Self-determination shows up in production as a counterbalancing force to combat excessive division of labor. Instead of embracing specialization, a voluntary simplicity adherent may seek greater work integration and synthesis so that the contribution of their work to the whole enterprise is more evident.
In the public sector, the drive for greater self-determination is revealed by a growing distrust of, and sense of alienation from, large and complex social bureaucracies. Adherents seem to want to take charge of their lives more fully and to manage their own affairs without the undue or unnecessary intrusion of a remote bureaucracy.
This dimension of voluntary simplicity may explain some of the unusual political coalitions that seem to be emerging between the right and left, coalitions that oppose the further intrusion of big institutions into people’s lives, and seek greater local self-determination and grassroots political action. The aversion to being controlled by increasingly distant bureaucracies is reminiscent of the stubborn independence which birthed the American revolution.
Ecological awareness: A sense of ecological awareness which acknowledges the interconnectedness of people and resources is central to voluntary simplicity. From this awareness emerges a number of themes that are hallmarks of this way of life. For example, ecological awareness prompts recognition that Earth is indeed limited, with all that implies for conservation of physical resources, reduction of environmental pollution, and maintenance of the beauty and integrity of the natural environment. Importantly, this concern often extends beyond purely physical resources to include other human beings as well. The philosophy of “welfare” espoused by Gandhi—sarvodaya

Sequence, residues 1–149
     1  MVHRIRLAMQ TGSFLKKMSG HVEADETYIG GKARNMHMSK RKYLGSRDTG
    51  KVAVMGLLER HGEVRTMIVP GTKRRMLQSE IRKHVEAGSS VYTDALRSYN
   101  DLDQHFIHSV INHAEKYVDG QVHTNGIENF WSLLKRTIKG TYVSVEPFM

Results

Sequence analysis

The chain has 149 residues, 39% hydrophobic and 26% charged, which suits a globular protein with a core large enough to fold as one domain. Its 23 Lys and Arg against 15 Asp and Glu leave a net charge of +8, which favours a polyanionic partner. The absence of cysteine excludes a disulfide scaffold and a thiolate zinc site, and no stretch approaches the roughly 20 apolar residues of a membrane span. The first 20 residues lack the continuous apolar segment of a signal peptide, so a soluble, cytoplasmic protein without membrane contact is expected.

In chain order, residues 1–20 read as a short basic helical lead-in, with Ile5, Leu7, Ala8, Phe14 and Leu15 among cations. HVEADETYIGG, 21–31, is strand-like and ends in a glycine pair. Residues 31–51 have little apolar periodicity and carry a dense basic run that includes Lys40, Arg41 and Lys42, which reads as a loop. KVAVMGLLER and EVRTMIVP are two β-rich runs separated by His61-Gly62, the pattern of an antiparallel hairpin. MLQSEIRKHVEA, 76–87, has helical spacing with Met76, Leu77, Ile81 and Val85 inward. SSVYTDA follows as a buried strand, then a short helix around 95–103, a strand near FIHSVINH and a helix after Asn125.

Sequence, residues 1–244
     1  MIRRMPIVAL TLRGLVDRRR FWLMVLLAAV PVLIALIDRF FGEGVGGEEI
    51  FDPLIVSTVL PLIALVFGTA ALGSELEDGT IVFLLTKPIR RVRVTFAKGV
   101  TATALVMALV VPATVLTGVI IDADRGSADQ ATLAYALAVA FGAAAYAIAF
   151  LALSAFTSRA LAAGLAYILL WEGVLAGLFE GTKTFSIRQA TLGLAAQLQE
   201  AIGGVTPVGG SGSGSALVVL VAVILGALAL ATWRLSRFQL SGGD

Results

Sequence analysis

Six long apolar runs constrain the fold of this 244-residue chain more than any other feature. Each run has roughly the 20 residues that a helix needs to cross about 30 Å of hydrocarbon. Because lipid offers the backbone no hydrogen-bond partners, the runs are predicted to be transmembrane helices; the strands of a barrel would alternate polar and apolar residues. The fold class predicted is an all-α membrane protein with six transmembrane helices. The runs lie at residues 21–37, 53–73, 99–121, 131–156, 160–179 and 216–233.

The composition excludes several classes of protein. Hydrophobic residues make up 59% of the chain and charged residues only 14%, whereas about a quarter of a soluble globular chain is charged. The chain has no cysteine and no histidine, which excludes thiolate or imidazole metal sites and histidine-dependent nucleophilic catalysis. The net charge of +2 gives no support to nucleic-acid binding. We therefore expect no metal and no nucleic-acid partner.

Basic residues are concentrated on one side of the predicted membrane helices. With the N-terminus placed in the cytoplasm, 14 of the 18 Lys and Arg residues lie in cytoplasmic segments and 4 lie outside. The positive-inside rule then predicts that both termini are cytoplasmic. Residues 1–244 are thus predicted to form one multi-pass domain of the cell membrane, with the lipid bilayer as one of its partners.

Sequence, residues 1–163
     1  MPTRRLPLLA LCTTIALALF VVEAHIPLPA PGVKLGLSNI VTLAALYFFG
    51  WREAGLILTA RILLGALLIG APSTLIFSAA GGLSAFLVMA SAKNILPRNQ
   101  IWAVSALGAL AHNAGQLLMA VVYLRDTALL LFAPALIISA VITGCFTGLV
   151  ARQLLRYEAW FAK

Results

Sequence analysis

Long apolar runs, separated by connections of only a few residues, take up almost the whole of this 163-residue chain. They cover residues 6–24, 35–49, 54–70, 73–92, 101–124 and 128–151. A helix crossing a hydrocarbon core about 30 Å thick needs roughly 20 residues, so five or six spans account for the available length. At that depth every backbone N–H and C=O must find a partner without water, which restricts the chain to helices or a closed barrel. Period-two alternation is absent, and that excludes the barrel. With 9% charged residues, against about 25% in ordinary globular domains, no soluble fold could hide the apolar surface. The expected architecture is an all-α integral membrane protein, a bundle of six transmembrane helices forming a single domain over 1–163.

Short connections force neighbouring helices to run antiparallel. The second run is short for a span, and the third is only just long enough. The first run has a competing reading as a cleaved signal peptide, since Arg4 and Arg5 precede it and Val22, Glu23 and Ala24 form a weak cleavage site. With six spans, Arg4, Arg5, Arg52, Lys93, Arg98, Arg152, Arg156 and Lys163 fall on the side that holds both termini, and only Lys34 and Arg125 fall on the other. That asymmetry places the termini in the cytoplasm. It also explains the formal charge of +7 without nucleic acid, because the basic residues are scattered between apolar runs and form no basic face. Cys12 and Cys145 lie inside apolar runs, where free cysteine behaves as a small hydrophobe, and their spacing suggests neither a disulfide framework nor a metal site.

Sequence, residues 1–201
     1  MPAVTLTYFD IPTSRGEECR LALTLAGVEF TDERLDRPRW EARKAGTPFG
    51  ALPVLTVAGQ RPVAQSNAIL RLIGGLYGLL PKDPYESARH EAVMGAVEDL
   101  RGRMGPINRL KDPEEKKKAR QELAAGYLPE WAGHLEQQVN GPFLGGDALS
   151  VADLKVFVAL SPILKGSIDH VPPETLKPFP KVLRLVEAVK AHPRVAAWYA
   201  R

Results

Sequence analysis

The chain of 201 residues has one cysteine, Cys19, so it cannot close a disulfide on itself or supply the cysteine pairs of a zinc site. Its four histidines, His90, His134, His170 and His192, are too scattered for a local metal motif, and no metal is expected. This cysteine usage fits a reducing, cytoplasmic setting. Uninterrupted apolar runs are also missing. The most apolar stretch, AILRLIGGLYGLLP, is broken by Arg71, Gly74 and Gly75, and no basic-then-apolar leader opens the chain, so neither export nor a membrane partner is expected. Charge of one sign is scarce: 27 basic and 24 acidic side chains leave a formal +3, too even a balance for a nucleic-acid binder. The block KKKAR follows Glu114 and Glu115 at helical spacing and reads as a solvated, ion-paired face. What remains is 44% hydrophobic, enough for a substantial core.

, or not wanting what the least of the inhabitants of Earth cannot have—seems to spring, in large measure, from this intimate sense of felt connection with others. The growth of an ecological awareness expands the vision of voluntary simplicity outward and brings with it a strong sense of social responsibility and worldly involvement to what otherwise could be a relatively isolated and self-centered way of life.
Some of the more concrete expressions of this awareness might include: a willingness to share resources with those who are disadvantaged; a sense of global citizenship with commensurate adjustments in lifestyle, social vision, and political commitments; a preference for living where there is ready access to nature; and a desire to foster human and institutional diversity at a grassroots level.
Personal growth: For many persons taking up a materially simple way of life, the primary goal is to clear away external clutter so as to be freer to explore the “inner life.” The themes of material simplicity, self-sufficiency, a more human scale to living and working, and an ecological awareness are, in a way, devices to sweep away impediments to inner growth. The goal, then, is to free oneself of the overwhelming externals so as to provide the space in which to grow both psychologically and spiritually.